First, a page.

Background: There is evidence that health inequalities by socio-economic status have persisted. We examined whether educational differences in Disability-Free Life Expectancy (DFLE) and Disability Life Expectancy (DLE) at age 25 has narrowed or widened between the 1990s and 2000s in Belgium. The contribution of mortality and disability prevalence to the secular trend is investigated. Methods: We used disability data from the 1997 and 2004 Belgian Health Interviews Surveys and mortality data from the 3-years follow-up of the 1991 and 2001 census population to assess education-related disparities in DFLE and DLE and to partition these differences into additive contributions of mortality and disability. Results: Compared to the highest educated population, differences in the prevalence of disability accounted for at least 66 of the inequality in DFLE. In the latest period, the differences in DFLE compared to men with tertiary education was 4.8, 6.6, 9.7 and 18.6 years for men with, respectively higher secondary, lower secondary, primary and no education. Among females, inequalities in DFLE were, respectively 5.8, 5.1, 10.8 and 18.2 years. There was no evidence that the educational differences in DFLE narrowed since the 1990s. Compared to people with the highest educational attainment, the inequalities in DFLE increased over time for all educational groups except for men with primary education. Conclusion: The social divide in health increased over time: people with the highest education continued to live even longer, they continued to live even longer without disability and to live less years with disability. The Author 2011. Published by Oxford University Press on behalf of the European Public Health Association.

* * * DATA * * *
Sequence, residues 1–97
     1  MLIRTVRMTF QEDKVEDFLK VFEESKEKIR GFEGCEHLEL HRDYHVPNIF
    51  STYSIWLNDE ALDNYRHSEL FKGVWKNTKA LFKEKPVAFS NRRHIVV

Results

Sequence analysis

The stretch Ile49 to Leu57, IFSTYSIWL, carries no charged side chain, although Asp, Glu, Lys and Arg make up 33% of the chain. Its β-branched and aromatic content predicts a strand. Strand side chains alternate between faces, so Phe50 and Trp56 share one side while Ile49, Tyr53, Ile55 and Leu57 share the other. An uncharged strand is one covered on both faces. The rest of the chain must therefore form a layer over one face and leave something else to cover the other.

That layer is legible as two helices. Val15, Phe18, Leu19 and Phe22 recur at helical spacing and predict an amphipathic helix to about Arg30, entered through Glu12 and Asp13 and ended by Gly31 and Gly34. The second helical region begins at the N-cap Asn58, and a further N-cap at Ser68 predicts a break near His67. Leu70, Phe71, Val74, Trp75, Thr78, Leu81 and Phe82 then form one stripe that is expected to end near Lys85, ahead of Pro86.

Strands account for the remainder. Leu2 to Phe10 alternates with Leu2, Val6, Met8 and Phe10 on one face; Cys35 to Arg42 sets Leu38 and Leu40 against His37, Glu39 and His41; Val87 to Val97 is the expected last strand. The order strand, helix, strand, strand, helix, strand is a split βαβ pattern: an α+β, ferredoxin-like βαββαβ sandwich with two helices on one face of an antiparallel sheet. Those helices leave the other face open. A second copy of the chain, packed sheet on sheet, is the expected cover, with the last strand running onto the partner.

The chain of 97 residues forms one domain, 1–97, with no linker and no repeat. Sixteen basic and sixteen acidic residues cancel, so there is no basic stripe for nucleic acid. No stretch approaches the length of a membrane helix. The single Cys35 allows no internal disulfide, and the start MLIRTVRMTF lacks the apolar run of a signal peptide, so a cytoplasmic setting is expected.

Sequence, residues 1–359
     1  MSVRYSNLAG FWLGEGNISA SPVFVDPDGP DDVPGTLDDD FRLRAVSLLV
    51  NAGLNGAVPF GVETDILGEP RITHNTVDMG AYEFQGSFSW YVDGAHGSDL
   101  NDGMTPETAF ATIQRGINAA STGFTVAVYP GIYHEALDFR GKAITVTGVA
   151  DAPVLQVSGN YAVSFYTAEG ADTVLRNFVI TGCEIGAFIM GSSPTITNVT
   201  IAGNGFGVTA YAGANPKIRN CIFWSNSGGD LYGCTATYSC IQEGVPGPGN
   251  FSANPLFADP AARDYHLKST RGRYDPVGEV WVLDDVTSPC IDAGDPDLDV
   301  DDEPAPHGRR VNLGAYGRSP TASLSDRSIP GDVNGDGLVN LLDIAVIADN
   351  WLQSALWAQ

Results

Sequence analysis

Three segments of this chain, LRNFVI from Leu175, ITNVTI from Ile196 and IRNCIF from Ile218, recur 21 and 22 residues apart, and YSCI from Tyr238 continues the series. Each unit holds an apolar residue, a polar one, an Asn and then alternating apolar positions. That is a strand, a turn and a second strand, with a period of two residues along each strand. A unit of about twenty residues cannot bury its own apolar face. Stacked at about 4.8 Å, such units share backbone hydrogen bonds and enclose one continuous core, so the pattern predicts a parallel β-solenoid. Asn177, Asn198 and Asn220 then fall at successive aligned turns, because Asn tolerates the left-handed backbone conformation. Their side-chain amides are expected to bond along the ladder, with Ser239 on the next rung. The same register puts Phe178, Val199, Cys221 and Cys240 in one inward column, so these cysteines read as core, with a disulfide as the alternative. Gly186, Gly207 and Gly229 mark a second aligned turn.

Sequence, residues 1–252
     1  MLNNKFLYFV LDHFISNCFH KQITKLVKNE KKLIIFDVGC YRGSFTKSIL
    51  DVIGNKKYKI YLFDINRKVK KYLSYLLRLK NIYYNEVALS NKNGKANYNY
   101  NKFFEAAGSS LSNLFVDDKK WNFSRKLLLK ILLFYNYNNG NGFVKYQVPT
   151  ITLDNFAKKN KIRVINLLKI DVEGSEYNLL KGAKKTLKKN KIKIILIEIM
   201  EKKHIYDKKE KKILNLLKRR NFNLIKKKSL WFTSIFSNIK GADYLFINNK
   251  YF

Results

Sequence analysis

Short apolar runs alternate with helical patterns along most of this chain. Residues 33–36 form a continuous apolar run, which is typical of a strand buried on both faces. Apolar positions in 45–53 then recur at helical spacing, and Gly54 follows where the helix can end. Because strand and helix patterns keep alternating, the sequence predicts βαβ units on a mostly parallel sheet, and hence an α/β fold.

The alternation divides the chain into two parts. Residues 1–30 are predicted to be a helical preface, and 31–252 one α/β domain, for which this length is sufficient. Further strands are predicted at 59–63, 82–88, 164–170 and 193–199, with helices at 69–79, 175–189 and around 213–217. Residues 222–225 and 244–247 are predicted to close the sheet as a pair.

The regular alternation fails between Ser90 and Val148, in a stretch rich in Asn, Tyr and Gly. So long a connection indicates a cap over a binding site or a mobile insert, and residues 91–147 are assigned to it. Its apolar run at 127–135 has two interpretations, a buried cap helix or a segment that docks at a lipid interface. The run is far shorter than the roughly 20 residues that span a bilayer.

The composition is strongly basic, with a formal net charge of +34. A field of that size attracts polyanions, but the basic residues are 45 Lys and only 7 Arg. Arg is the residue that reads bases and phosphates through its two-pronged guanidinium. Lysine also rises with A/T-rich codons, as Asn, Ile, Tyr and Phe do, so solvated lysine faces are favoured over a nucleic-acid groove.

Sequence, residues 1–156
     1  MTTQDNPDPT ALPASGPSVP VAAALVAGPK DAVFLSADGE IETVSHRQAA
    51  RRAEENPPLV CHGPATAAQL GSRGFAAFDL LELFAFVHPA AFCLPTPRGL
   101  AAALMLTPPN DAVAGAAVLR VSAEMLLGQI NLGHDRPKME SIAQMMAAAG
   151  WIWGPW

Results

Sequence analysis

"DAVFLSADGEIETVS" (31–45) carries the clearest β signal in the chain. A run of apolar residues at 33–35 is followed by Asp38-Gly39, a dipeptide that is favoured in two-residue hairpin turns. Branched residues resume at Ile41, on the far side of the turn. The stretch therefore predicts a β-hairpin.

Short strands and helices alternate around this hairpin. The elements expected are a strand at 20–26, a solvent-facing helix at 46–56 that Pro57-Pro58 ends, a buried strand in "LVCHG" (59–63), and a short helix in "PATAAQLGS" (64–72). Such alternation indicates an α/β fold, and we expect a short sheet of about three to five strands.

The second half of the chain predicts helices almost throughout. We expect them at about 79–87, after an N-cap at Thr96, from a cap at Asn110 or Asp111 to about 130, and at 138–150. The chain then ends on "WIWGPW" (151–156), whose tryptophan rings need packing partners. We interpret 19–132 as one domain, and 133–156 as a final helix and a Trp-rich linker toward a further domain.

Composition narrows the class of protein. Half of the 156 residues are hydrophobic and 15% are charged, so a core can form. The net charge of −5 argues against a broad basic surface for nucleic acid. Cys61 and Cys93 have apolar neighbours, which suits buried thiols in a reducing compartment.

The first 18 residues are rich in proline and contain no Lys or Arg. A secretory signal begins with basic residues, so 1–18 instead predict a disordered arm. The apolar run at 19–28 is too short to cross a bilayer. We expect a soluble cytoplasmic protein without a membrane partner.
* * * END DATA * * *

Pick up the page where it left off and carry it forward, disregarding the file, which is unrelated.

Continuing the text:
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European Journal of Public Health
Erasmus MC: University Medical Center Rotterdam

van Oyen, H., Charafeddine, R., Deboosere, P., Cox, B., Lorant, V., Nusselder, W., & Demarest, S. (2011). Contribution of mortality and disability to the secular trend in health inequality at the turn of century in Belgium. European Journal of Public Health, 21(6), 781–787. doi:10.1093/eurpub/ckq198